Welcome, hi, good day, hello, what's up?! I'm the Sketchwhale!
I make games, talk about them, draw comics and post sketches.

onsdag den 22. januar 2014

Space to Play

Reading Howell’s Geography of Identities (not as thoroughly as when I was actually in university), I thought of the idea of connecting with a video game. Through both the game play and narrative, Link’s Awakening was something I connected with immensely. Recently 4 Heroes of Light and Mass Effect 2 too. Grand Theft Auto 4 though, only (not really a bad thing) through its game play.

Perhaps it’s due to a combination of the interactions and visuals. The intense degree of abstraction in Link’s Awakening and 4 Heroes of Light gave my mind an immense room to play, and the systems as well. Mass Effect 2 overcame its strive for visual realism by its hard work towards letting me feel in control of much of its narrative. Mass Effect 2 and Grand Theft Auto 4 featured very playful game play that allowed me to connect with the games and their settings, but the narrative of Grand Theft Auto 4 wasn’t play and the graphics as well, left no room for my imagination. This is all just musing on my own experiences, trying to reason with my own conclusions (not good detective work).
Writing my Bachelor’s Thesis on video games, I came across the notion of play being what happens in the mind as we observe art (Kant, I think?). Which means that playing games is like doing what happens in our mind in the event of art. And if John Cleese can be believed, creativity happens when we play, so a cycle begins.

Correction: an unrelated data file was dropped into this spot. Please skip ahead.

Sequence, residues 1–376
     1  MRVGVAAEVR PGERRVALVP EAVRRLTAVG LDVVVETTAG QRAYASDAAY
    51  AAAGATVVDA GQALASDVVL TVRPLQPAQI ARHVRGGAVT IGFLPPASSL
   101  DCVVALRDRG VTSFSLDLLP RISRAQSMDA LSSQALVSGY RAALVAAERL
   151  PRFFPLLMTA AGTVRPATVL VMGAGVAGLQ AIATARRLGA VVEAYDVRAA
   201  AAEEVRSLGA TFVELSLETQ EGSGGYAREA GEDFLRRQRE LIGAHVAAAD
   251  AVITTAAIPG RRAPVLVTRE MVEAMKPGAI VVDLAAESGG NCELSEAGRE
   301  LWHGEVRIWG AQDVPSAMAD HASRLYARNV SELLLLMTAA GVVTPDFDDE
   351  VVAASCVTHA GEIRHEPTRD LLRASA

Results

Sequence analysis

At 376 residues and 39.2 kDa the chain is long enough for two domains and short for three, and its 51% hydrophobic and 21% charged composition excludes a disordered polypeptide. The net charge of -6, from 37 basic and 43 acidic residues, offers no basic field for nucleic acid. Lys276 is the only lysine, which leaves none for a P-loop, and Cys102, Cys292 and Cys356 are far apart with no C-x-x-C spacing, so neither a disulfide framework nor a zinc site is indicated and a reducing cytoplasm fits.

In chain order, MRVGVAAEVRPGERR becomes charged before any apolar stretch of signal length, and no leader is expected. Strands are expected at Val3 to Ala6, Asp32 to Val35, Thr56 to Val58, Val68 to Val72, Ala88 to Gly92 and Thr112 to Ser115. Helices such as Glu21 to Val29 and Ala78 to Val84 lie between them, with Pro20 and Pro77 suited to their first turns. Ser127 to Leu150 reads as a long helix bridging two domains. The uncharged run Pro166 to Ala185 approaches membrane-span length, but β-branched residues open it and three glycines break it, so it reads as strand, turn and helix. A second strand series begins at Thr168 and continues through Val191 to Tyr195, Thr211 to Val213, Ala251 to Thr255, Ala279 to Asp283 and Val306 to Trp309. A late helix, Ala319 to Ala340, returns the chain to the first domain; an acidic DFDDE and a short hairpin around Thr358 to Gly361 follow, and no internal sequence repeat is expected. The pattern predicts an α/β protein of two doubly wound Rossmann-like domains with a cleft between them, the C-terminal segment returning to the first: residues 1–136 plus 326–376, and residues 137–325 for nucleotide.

But this notion made me think that the reason I sometimes don’t connect with video games, is because they don’t let my mind play. As in, because graphics are too realistic, there is nothing left for my mind to play with, so I don’t connect.

Why is connect in italics? That is because I’m questioning the idea of identifying with a game. This idea of relating to characters in games in the same sense as I do to characters in literature and film. Because I have this idea that the point of games are to play them, not to be exposed to them. I believe (for now. I’m young, I drink a lot and my mind keeps changing) that I don’t passively experience a game, but actively play with it, and therefore that it's unnecessary for me to identify with myself. I am the one playing and therefore the idea of identifying during game play is mismatched. When the narrative and game play are separate (which they often are), identifying becomes very essential (for the narrative), but then it is no longer the game I am connecting with.

Connecting though, is the wrong word as well. It is too easy to misunderstand. Identifying is when something external is presented and I (can’t help myself to) relate to it or not relate to it.

Space to play. That is what becomes important to me in games. I don’t play movies and books (even though they can continue to play in my head afterwards). But I do play games. Identifying with template characters like Link or avatars like Shepard isn’t what is essential if I am playing. Link’s world has space for me to play, and Shepard’s narrative (and the character itself) is a space for me to play. This idea applies to visuals as well: Realistic graphics allow me to identify with a character (or in the case of graphics that were once realistic, but are now laughable: not identify), but abstracted graphics give my mind space to play, and allows for creativity, making me, the player, in turn, the artist.

Ingen kommentarer:

Send en kommentar